4. 4. Leveraging IT for a Competitive Advantage—Case of eBay Customers can also receive assistance through eBay’s live help capabilities, a software solution provided by LivePerson, Inc. The live help tool uses instant messaging technology to enable the customer and an eBay service representative to communicate online in a real time chat environment to resolve their inquiry. LivePerson also has some other useful applications, it allows eBay to monitor and gather information to use to report on chat traffic, customer service performance and customer satisfaction, and has features to support special promotions. This program follows eBay’s privacy policies by working in conjunction with their customer profiles notification preferences [9]. Another means of fast customer support is the “Community Answer Center”. This area is a forum where eBay members can use discussion boards and chat rooms to ask questions, give or get answers, and share information about eBay. Other members usually quickly answer the questions posed in this area, which saves eBay customer service time and money. The forums are not moderated by eBay, but customer service representatives are present and will often post to the chat rooms and discussion boards. Listening to the customer comments and feedback has proven very beneficial for the company. Meg Whitman, CEO of eBay, reads posts on the discussion boards a couple of times a week, and often sits in on the Voice of the Customer groups where users are asked to comment on the site and features. According to Ms. Whitman, “We’ve learned that the best ideas and the best feedback come from our community of users. We’re far more effective if we interact with them much more frequently than … think about it by ourselves” [7]. By using the interactive technologies to foster input from customers, eBay is leveraging this strength for a competitive advantage over traditional retailers, who do not have this capability readily available. EVOLVING POLICY For consistent and safe trading in the Internet based marketspace environment, eBay has developed a set of community policies. eBay’s policies are developing and implementing community standards. The company constantly conducts reviews of its policies and user agreement and makes changes and adjustments every year. The community does have an influence over this process. When eBay proposed new fees for reserve auctions, community members used the bulletin boards on the site to protest, leading to eBay reducing the proposed fees [1]. In following with this example, eBay has just announced that it is creating the eBay consumer panel in conjunction with Keynote Systems, formerly Vividence, as a way to solicit more input from the community using a tool called the Connector [2]. This ability to leverage information technology to instantly communicate with community members provides eBay with a significant competitive advantage over offline stores without this type of information system in place. eBay periodically updates its policies to reflect new corporate stances especially on issues such as which items are permitted for auction on the site and how it will use personal information received from its members. Some of the updates are routine and some of them are necessary due to information system issues. For example, in 2001, when the company had discovered a bug in its registration procedure, it reset the personalized settings for over 6 million of its customers. As Volume VI, No. 2, 2005 80 Issues in Information Systems
  5. 5. Leveraging IT for a Competitive Advantage—Case of eBay another example, eBay changed its policies about some JavaScript functions used in online auctions for security purposes. SpinImages created with some versions of the software are not allowed for use on eBay. eBay requires that all users be at least 18 years of age. The reason behind this policy is that in the past underage bidders have placed bids on items that they never intended to purchase, and as minors they cannot be held legally responsible [1]. eBay policies also prohibit making threats of physical harm to another user. Significantly misrepresenting an item by not meeting the terms and item description in the listing, or failing to deliver an item for which you accepted payment, are other violations of eBay policies and may also be considered criminal fraud [6]. One of the changes to eBay's user agreement involves the circumstances under which the company may suspend a member or remove a seller's listings. Currently, the company warns customers that, among other reasons, their account can be suspended if their actions will cause a legal liability to the company, other customers or themselves. The company can also suspend customers if eBay believes their actions may cause a financial loss to the company, other customers or themselves. eBay's new user agreement could allow the company to change its rules immediately by posting a note anywhere on the site, even on scrolling chat boards where the messages disappear after a certain time. It is the official policy of eBay to prohibit members from arranging deals outside the confines of eBay’s marketspace. This is because buyers who choose to conduct business outside of eBay are not protected by the company's insurance program, feedback system, or any policies. Under the eBay policy, sellers who use their eBay connections to conduct business offline will first be warned and then suspended from the site. Prohibited conduct includes offering to sell a listed item outside of eBay to avoid paying a listing fee, as well as offering to sell users’ merchandise similar to what they are bidding on at eBay. Also prohibited is the sending of unsolicited e-mail (spam), to the email addresses of people that were acquired through eBay [10]. All eBay users bear the ultimate responsibility for making sure that the items they are selling on eBay are legal to sell according to all applicable jurisdictions and as permitted by eBay policies. eBay has only made a few restrictions on the type of merchandise that is allowed for sale on the site. For instance, it stopped the auction of a human kidney, a baby boy, and restricted the sale of guns, alcohol, and tobacco [11]. The law does not permit some of these items and some are against eBay policy. The Internet expands boundaries, and information technologies enable eBay to operate not only nationwide, but on a global level. As the eBay community continues to spread around the world and the company has to operate in more countries, it needs to learn about different laws and develop a cultural understanding about the different points of view as to what constitutes illegal, offensive or inappropriate items. CONCLUSION There are many more uses of technology and information systems in eBay's business strategy than those listed in this paper. The company is constantly developing additional tools and features to assist the user community to buy and sell items, to promote the sense of community in the marketspace, and to increase the levels of trust and safety throughout the site. Also of the Volume VI, No. 2, 2005 81 Issues in Information Systems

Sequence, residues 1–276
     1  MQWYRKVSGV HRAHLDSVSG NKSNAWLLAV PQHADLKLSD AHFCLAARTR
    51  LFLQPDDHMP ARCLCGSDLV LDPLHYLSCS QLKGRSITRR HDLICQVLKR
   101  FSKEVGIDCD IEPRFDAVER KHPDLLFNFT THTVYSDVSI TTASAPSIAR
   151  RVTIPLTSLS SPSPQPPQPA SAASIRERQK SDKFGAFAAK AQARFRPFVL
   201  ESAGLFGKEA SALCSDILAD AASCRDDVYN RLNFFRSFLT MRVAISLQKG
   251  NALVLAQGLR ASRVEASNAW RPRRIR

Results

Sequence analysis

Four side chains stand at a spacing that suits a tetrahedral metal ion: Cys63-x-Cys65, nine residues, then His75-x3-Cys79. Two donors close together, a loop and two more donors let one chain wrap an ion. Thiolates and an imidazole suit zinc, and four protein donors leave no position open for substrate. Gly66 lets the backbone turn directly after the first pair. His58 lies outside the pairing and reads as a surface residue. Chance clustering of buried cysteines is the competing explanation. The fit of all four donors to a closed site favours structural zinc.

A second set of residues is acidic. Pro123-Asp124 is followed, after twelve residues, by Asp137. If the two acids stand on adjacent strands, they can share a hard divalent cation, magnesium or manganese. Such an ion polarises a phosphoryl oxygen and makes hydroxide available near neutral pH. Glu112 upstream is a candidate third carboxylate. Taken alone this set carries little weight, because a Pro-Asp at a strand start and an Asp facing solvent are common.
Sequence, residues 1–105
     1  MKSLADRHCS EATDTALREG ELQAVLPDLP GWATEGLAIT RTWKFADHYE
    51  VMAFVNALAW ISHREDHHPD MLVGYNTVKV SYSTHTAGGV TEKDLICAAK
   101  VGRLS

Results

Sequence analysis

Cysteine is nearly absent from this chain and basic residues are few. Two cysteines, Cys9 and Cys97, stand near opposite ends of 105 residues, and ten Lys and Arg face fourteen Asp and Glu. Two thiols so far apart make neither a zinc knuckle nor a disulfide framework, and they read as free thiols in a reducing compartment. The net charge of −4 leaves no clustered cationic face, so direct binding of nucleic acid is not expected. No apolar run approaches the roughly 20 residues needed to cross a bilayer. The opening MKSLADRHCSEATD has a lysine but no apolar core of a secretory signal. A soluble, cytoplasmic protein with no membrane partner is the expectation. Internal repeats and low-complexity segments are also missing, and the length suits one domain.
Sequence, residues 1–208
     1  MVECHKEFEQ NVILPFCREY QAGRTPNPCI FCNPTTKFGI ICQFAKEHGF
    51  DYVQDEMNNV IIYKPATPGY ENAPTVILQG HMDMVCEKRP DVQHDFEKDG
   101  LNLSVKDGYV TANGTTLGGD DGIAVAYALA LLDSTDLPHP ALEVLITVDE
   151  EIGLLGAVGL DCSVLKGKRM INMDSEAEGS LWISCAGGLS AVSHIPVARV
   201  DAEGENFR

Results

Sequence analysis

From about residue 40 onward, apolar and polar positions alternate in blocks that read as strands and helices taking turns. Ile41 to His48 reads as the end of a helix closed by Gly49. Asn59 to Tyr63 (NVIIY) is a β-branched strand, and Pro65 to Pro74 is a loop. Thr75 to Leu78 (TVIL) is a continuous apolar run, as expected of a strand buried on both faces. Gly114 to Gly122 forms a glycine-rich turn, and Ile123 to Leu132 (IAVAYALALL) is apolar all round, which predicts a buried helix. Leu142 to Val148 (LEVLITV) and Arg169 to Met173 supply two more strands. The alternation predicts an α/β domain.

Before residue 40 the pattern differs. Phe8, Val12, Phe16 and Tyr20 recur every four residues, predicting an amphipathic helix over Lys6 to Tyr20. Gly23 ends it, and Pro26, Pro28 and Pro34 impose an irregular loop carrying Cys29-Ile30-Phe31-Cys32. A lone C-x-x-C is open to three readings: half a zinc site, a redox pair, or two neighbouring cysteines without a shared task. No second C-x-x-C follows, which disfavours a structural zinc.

6. 6. Leveraging IT for a Competitive Advantage—Case of eBay foremost importance to the mission of eBay is the stability and scalability of the system platform, it needs to be able to adjust to accommodate more members as the community's global presence expands. Technology and information systems are critical to the success and future of the company. The business is based on community, and the marketspace is what enables this community to come together. By establishing a stable Internet platform and using technologies such as chat rooms, bulletin boards, and email, eBay has established a type of “community” or “marketspace” that does not exist in a physical store shopping experience. By developing new features, such as “Buy It Now”, automatic bidding, and the purchase of Pay Pal, shopping and payment have become even easier. eBay is constantly expanding and improving, adding categories and options for their customers. eBay uses their management information systems to reach new territories, expand their online community and enable trade on a local, national and international basis with customized sites in markets around the world. Overall, this case analysis of eBay provides a successful implementation of information technology project. With continuous improvement in IT architecture and infrastructure, eBay remains a leading position in the industry with a unique business model. In sum, this study contributes to the theory and practice in the IS domain by focusing on the IT strategy as the crucial aspect of IT implementation. REFERENCES 1. Boyd, J. (2002). "In community we trust": Online security communication at eBay. Journal of Computer-Mediated Communication, 17(3), 1-17. 2. eBay. (2004, November). About customer solutions Available: http://developer.ebay.com/DevProgram/nondeveloper/index.asp 3. eBay. (2004, October). Company overview. Available: http://pages.ebay.com/aboutebay/thecompany/companyoverview.html 4. eBay. (2004, October). eBay help. Available: http://pages.ebay.com/help/index.html 5. Fox, L. (2001, November). Meg Whitman. Available: http://dir.salon.com/people/bc/2001/11/27/whitman/index.html 6. Gilbert, A. (2003, June). eBay Beefs up antifraud policies. Available: http://news.com/eBay+beefs+up+antifraud+policies/2100-1017_3-1021864.html 7. Harbrecht, D. & Hof, R. (2003, August). Newsmaker Q&A Meg Whitman on eBay’s self- regulation. Available: http://yahoo.businessweek.com/bwdaily/dnflash/aug2003/nf20030818_1844_db049.htm 8. Marshak, D. S. (2003). eBay Creates Technology Architecture for the Future, Available: http://www.sun.com/service/about/success/recent/ebay.html 9. Steiner, I. (2002, June). eBay to deploy real-time customer service technology. Auctionbytes- NewsFlash, Number 332. Available: http://www.auctionbytes.com/cab/abn/y02/m06/i07/s02 10. Steiner, I. (2003, June). Whitman’s keynote speech lists new eBay fraud initiatives, then gets a little weird (Al, that is). Auctionbytes-NewsFlash, Number 566. Available: http://www.auctionbytes.com/cab/abn/y03/m06/i27/s00 11. Western Daily Press. (2004, November). Targeting eBay over Illegal Sale of Guns. Available: http://www.westpress.co.uk/displayNode.jsp?nodeId= 145809&command=displayContent&sourceNode=145792&contentPK=11248220&module Name=InternalSearch&keyword=ebay%20guns&formname=sidebarsearch Volume VI, No. 2, 2005 82 Issues in Information Systems